Abstract: This paper analyzes the requirements for a social welfare-optimized transition path toward a carbon-free economy, focusing particularly on the role of R&D and other technological measures to achieve timely supply-side transformations in the global production regime that will avert catastrophic climate instability. We construct a heuristic integrated model of macroeconomic growth constrained by geophysical system with climate feedbacks, including extreme weather damages from global warming driven by greenhouse gas emissions, and ‘tipping point’ for catastrophic runaway warming. A variety of options for technology development and implementation, and the dynamic relationships among them will be examined: interactions among the, each having a distinctive primary functionality CO2 emissions control. The specifications recognize (i) the endogeneity and embodiment of technical innovations, and (ii) the irreversibility and long gestation periods of required intangible (R&D) and tangible capital formation. Efficient exercise of these options is shown to involve sequencing different investment and production activities in separate temporal “phases” that together form a transition path to a carbon free economy. To study the requirements of a timely (catastropheaverting) transition, we formulate a sequence of optimal control sub-problems linked together by transversality conditions, the solution of which determines the optimum allocation of resources and sequencing of the several phases implied by the options under consideration. Ours is “planning-model” approach, which departs from conventional IAM exercises by eschewing assumptions about the behaviors of economic and political actors in response to market incentives and specific public policy measures. Solutions for each of several multi-phase models yields the optimal phase durations and rates of investment and production that characterize the transition path. Sensitivity experiments with parameters of economic and geophysical sub-systems provide insights into the robustness of the requirements analysis under variations in the technical and geophysical system parameters.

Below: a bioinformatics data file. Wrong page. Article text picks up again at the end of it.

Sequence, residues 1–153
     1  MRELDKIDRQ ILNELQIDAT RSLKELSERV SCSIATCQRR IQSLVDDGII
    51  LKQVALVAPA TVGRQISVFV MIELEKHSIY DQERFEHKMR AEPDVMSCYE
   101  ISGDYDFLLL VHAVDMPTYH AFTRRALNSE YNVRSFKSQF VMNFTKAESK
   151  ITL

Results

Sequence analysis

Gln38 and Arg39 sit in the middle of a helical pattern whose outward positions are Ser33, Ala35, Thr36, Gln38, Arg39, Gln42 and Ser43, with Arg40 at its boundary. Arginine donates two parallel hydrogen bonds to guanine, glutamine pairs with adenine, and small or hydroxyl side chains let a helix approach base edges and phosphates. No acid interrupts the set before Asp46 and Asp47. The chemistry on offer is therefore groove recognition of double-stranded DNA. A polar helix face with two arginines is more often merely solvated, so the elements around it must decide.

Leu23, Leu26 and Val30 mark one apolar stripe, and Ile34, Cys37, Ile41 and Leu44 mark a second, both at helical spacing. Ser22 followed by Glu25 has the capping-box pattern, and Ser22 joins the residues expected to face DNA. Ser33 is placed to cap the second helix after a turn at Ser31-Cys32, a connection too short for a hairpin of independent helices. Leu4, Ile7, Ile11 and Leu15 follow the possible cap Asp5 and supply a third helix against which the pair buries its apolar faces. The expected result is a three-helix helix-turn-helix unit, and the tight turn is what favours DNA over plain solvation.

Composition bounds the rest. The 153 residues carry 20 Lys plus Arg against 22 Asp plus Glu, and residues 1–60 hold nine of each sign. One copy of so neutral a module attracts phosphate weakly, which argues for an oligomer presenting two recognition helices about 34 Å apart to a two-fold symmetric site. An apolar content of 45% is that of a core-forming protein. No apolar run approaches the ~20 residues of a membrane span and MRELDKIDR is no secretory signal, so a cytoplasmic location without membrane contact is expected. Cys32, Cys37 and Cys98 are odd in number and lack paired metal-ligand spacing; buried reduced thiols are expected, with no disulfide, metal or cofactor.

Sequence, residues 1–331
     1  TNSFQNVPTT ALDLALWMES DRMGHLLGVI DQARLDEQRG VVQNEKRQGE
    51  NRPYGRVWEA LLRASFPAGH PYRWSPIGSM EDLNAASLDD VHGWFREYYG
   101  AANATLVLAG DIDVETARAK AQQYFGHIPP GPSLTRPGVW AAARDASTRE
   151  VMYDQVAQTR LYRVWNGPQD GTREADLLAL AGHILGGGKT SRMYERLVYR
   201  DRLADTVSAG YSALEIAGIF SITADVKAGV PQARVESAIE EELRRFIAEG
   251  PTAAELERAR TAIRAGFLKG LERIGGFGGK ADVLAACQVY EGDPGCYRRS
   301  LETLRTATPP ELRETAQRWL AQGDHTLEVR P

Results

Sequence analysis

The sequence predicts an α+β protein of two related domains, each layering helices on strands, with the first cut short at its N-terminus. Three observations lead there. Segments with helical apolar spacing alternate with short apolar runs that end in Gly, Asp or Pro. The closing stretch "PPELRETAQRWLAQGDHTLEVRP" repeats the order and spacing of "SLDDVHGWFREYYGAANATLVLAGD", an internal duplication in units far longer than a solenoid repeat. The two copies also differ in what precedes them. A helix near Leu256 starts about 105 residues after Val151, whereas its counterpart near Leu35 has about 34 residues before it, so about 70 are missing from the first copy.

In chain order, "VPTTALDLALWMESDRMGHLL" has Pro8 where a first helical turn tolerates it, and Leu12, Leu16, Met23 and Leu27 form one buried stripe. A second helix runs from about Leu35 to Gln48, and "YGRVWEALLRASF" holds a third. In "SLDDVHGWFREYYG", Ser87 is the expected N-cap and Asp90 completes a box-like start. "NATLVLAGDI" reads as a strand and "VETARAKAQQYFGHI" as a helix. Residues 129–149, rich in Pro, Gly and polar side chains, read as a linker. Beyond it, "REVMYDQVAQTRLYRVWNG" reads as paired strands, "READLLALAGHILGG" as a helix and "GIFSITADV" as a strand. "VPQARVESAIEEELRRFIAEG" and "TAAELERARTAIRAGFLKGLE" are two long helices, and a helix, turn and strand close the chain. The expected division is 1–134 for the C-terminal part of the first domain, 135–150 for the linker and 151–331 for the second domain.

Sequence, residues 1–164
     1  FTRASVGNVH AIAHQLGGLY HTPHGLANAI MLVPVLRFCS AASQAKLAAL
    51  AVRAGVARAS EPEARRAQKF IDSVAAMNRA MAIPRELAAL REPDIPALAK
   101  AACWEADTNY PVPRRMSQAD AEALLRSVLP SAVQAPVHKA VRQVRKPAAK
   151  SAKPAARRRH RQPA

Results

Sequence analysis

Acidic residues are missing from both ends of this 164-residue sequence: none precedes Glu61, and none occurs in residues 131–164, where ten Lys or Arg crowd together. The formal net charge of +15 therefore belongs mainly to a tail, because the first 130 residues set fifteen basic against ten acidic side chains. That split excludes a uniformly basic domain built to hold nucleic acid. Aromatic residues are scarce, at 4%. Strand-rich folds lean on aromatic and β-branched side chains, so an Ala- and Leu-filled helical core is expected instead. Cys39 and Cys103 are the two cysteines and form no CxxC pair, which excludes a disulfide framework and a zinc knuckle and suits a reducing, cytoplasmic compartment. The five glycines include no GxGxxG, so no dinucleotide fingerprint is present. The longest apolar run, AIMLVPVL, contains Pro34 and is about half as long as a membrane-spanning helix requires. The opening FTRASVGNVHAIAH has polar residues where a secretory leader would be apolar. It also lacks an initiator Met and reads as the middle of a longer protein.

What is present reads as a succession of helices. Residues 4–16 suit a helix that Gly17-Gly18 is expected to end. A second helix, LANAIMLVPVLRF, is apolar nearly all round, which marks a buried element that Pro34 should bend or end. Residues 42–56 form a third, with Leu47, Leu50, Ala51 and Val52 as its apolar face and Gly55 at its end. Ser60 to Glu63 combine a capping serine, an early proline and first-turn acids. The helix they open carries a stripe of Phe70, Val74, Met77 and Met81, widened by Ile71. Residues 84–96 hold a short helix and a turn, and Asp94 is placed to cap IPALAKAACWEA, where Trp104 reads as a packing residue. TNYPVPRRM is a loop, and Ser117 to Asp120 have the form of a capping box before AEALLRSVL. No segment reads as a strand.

Keywords: global warming, tipping points, catastrophic climate instability, technology fix options, R&D investments, capital-embodied innovations, optimal sequencing, IAM and DIRAM policy design approaches, multi-phase optimal control, sustainable endogenous growth